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Chapter 15: Ketamine

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The principal mechanism of action of ketamine is best described as:

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(A) potentiation of GABA-mediated chloride currents

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(B) stimulation of μ- and κ-opioid receptors

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(C) stimulation of α2-adrenergic receptors

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(D) inhibition of NMDA receptors

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(E) blockade of CNS sodium channels

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The answer is D. While many intravenous anesthetics exert their effect by potentiating the effect of GABA, the principal analgesic and anesthetic mechanism of ketamine is blockade of the NMDA receptor. Ketamine is known to have effects on a wide variety of receptors, including AMPA, adenosine, μ-opioid, and cholinergic receptors, but the relative contribution of these players is substantially less significant than the NMDA inhibition.

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It is generally accepted that the main role of ketamine (when used in subhypnotic doses) is as an antihyperalgesic, antiallodynic drug, reducing the temporal summation of nociceptive afferent input that leads to central sensitization and windup.

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Ketamine is quite versatile in terms of its route of administration. It can be given via the intravenous, intramuscular, rectal, subcutaneous, transdermal, topical, oral, intranasal, sublingual, transmucosal, epidural, or intrathecal route. Ketamine has been gargled as a local throat analgesic, locally infiltrated, and used in intravenous regional anesthesia. The oral bioavailability of ketamine is low, and since so many other routes are available, this method is not particularly common. Intramuscular ketamine 4–5 mg/kg is very effective in the preoperative sedation in patients who are uncooperative.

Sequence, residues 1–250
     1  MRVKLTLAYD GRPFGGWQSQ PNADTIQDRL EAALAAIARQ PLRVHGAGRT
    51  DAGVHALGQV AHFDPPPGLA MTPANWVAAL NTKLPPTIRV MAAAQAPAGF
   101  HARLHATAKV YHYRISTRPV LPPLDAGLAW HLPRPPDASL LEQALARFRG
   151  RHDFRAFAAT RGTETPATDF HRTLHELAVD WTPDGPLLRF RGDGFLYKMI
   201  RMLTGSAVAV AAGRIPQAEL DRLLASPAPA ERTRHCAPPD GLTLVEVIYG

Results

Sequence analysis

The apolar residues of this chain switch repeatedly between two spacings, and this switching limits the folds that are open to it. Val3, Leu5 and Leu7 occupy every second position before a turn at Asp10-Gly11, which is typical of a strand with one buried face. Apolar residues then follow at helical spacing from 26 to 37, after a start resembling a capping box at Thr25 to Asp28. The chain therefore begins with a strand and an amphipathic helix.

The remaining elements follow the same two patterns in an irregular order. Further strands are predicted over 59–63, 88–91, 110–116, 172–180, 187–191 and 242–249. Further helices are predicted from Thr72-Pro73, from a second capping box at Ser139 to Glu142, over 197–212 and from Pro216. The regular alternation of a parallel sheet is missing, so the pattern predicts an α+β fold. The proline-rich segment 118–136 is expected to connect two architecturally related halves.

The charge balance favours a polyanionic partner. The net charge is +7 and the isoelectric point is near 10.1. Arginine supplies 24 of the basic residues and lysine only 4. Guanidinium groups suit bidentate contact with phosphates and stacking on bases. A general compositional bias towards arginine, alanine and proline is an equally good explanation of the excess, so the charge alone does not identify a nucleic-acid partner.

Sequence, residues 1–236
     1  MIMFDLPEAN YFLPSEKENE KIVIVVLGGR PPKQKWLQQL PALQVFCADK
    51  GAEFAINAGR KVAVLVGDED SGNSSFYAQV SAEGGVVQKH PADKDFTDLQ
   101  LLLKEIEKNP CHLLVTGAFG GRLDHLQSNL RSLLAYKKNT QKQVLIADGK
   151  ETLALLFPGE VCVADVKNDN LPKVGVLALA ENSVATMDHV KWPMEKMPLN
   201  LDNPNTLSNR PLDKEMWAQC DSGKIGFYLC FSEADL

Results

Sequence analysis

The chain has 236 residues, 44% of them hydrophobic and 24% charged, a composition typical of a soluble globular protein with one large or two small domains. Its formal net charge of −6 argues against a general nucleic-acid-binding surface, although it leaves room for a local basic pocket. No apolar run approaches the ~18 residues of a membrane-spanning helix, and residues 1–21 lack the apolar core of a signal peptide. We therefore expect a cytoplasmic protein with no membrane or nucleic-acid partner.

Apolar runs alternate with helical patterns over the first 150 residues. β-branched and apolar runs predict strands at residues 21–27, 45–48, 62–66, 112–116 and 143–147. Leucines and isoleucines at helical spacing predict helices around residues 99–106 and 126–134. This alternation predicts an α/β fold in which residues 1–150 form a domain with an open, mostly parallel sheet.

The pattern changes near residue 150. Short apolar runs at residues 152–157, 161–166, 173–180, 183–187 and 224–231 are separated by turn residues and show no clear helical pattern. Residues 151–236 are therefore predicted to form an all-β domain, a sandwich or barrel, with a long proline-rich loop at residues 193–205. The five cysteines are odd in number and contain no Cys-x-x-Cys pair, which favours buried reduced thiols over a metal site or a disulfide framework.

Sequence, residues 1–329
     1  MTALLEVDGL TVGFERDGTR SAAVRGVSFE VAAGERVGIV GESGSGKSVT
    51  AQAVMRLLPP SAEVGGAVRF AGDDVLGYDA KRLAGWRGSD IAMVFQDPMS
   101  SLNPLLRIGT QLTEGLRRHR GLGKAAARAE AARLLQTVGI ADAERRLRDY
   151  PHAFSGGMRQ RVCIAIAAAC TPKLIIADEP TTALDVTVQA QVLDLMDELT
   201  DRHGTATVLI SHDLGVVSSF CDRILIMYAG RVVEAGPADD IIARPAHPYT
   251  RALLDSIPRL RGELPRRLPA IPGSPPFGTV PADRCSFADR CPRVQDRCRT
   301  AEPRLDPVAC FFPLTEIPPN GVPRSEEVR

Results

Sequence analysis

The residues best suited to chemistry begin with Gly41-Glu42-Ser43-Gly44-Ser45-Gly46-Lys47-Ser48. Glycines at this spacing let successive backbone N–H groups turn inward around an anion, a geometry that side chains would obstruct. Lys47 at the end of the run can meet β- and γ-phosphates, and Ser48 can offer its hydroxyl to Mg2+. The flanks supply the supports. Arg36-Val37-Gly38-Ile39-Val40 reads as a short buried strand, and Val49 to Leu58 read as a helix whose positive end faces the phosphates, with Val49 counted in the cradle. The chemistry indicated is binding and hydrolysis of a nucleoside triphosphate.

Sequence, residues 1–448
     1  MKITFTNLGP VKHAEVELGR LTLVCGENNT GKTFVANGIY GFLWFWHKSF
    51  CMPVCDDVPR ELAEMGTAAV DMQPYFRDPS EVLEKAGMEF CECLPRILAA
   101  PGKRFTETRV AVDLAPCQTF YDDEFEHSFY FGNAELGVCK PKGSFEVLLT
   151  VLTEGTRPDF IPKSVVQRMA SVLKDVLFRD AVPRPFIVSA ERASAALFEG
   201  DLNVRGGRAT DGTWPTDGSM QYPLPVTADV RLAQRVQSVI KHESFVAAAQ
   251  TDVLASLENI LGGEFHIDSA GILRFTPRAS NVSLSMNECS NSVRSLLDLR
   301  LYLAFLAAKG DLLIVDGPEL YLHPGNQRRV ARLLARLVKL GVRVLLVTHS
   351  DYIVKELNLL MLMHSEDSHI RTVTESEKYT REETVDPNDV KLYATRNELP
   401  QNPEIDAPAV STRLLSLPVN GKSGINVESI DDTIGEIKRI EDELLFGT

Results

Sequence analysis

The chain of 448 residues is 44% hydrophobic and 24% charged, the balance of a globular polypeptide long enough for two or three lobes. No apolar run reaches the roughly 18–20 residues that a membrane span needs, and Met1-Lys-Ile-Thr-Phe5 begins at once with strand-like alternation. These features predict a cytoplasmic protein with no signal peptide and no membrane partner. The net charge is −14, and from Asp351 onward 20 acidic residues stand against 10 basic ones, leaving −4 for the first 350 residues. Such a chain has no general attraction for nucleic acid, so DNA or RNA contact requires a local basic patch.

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Ref: Miller RD. Miller's Anesthesia. 8th ed. Philadelphia, PA: Elsevier; 2015.

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The typical anesthetic state observed following an induction dose of ketamine is best characterized by which of the following?

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(A) catalepsy

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(B) miosis

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(C) hypoventilation

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(D) flaccid paralysis

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(E) ablation of protective reflexes

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The answer is A. Ketamine produces unconsciousness and analgesia in a dose-related manner. The anesthetic state produced by ketamine has been termed “dissociative anesthesia.” Rather than normal sleep, patients appear dissociated from their environment in an apparent cataleptic state. Patients may move, vocalize, and exhibit ocular tracking movements, but have profound analgesia and do not react to surgical stimuli or recall any of the events that occurred during the anesthetic. Amnesia, while part of the ketamine experience, is not as predictable as it is with benzodiazepines. Corneal, cough, and swallow reflexes may be present, but these should not be assumed to be protective. Skeletal muscle tone is also maintained and in some cases increased, ...

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